H: And through the practice of a tool like Havening, we get to remove the root of the suffering in the first place?


S: Yes.


H: That has profound implications for humanity as a whole.


S: I know.


H: Because we are really talking about the cause of disease, discord, distress being this neurobiological response to trauma. And the cure for disease, discord, distress, being the reversal of that.


S: Correct. And there has been no down-regulatory mechanism in the human system to remove an encoded traumatic event up until now.


H: Yes. The hope of humanity lies in our hands, literally. Right in our hands.

We’ve come a long way in this conversation integrating specificity on the neurobiological level, with the removal of the cause of both emotional and physical symptoms, with the implications for the larger picture of humanity. Any other thoughts or reflections you’d like to share?


S: One of my greatest mentors, when he trained his students, would just stand up in front of the classroom and speak. But the depth of sincerity with which he spoke his words allowed the students to truly understand the message.


When I talk about Havening, I hope that people can sense my deep sincerity in having something here that I believe can change the world. And it’s where I come from that I think wins the day, rather than what I say. Because unless you’ve experienced it, or seen it, it’s hard to imagine.


We know that people who experience this or are comfortable enough to share this with other people in a therapeutic manner will find it astonishing and they will within themselves feel a great sense of accomplishment and excitement about how they can help people.


And they will want to share and will continue to share it.    


This excitement cannot be generated by Ron or I.


Ron and I put out the information. Now, people are taking this information and are using it for the benefit of themselves and others and taking initiative and pushing the envelope forward, and they are doing this simply to be part of something that can possibly help humanity and change the world.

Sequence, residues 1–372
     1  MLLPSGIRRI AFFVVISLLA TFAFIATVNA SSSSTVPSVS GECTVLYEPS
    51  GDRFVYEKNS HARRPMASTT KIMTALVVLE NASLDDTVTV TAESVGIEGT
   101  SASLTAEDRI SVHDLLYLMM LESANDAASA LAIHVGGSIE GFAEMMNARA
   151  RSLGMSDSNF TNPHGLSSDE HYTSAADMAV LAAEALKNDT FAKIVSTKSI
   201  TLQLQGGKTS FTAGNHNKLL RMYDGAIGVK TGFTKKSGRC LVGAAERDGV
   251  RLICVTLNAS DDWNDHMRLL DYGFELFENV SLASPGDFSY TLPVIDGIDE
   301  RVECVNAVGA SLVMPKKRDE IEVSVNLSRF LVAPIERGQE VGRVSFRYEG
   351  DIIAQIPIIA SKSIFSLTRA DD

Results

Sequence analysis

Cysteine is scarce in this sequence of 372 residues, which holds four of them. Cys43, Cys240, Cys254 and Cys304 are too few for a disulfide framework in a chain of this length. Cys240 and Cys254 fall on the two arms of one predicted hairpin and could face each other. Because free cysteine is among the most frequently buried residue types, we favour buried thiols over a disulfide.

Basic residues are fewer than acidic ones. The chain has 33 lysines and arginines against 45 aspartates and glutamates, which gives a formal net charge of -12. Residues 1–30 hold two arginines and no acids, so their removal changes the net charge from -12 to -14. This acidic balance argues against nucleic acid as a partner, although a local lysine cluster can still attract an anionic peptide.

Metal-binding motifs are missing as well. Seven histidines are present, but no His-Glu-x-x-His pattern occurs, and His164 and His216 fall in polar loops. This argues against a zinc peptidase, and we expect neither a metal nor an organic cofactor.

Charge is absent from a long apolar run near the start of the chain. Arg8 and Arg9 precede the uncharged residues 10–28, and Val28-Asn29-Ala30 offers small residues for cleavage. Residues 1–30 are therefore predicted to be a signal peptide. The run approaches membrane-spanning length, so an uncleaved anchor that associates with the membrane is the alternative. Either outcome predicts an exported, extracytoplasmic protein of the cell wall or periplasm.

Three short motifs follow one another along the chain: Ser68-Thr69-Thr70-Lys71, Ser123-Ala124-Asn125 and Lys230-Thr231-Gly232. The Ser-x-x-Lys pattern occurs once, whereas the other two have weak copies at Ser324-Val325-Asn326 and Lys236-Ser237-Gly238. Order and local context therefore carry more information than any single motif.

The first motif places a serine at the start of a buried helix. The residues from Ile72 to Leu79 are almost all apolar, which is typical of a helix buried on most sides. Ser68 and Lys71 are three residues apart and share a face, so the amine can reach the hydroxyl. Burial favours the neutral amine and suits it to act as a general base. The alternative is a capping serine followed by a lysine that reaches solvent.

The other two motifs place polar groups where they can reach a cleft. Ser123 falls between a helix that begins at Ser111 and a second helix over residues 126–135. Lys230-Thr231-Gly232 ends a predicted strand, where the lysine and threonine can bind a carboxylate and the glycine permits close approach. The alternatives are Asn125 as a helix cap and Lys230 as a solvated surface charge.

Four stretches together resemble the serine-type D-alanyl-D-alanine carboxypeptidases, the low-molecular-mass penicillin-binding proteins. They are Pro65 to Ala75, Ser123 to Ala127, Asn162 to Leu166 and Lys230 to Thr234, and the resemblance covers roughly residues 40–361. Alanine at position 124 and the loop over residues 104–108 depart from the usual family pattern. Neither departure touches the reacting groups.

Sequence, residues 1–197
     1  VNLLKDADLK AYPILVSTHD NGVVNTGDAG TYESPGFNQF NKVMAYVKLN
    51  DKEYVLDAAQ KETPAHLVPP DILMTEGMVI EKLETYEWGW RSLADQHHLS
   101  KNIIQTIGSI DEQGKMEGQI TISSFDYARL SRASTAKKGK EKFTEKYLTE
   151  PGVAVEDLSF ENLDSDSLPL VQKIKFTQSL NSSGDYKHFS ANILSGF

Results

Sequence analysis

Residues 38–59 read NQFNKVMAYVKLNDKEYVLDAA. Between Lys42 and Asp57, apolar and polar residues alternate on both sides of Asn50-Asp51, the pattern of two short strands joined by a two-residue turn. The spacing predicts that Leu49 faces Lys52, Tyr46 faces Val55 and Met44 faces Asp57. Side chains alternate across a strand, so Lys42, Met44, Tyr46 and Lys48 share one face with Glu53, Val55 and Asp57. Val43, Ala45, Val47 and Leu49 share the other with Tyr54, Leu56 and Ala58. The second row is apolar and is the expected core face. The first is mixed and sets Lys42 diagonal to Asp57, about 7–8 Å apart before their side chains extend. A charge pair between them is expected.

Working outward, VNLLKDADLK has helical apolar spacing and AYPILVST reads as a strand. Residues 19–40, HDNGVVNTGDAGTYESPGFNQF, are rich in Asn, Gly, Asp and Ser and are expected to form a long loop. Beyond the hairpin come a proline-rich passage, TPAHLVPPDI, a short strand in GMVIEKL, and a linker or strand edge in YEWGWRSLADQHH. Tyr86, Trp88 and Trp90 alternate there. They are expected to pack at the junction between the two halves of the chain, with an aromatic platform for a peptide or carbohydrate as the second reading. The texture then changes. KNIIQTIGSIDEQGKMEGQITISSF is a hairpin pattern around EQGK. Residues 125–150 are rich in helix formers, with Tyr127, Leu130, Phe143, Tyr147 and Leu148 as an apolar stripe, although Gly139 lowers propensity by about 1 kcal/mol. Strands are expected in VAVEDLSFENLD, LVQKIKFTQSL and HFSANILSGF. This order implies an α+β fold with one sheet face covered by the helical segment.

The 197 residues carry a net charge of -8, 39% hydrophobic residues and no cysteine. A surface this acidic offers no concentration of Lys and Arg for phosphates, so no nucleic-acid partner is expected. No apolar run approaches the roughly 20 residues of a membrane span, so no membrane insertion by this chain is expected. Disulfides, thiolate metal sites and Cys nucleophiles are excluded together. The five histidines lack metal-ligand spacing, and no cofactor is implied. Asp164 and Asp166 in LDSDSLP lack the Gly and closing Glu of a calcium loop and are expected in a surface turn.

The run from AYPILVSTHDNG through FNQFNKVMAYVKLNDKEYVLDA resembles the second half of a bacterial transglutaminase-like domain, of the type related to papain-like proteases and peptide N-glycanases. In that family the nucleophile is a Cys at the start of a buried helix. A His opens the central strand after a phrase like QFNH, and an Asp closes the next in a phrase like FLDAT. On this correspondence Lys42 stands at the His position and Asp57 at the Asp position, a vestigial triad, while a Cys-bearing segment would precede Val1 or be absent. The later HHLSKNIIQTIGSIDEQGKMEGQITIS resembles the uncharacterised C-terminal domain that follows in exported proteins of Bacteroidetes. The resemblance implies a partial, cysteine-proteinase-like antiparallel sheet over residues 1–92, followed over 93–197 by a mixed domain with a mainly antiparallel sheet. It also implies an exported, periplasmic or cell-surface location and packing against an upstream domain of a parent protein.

I am always grateful that people pick up the mantle and bring it forward and we have some wonderful people out there. They are all over the world.


And sooner or later, hopefully in my lifetime, Havening will become more and more well known.


H: What else is ahead for this Havening movement that is expanding each day and reaching more and more people around the world?


S: Peer reviewed research will be available in 2017, published in well-respected journals. Also in 2017, we are going to be looking at altering our course of approach a little bit.


We’re probably going to be creating two training tracks, one for licensed healthcare professionals and another for the non-healthcare-licensed individuals such as life coaches, teachers, and parents, since the criteria and competencies for using Havening in these different contexts are not always the same.


H: When you were talking about how this is spreading without so much of your initiative, except putting it out there, it reminds me of the Victor Hugo quote “Nothing is as powerful as an idea whose time has come.” I do feel that this is the time for the idea called Havening to spread and to reach the world.


Thank you so much for your reflections, your comments, your insights, your stories. I’m very proud to be part of the growing Havening community and have been astonished, with what I’ve experienced in my own Havening process, what I’ve observed by other skilled practitioners, including yourself and your brother, and what I’ve experienced with my own clients.


It is clearly a new paradigm. It looks so simple and seems so unusual, just as the introduction of the germ theory or the discovery of some other paradigm that shatters everything before it and says, “Wait here’s a new way to look at this!” Grounded in neuroscience. Grounded in neurobiology. Grounded in a deeper understanding of how the brain processes memory. Grounded in a solid understanding of psychosensory therapy, the use of touch and sensory stimulus to transform the brain.


From this simple set of ideas, within our own hands, we have the capacity to help humanity heal. So, thank you for your important role in that and your continued work in that. It’s an honor to interview you and to be part of the team.


S: Thank you Harry! I wrote a long time ago that one of the greatest gifts I have are the people I meet along the way. It’s truly my pleasure to share these moments with you.


H: Thank you.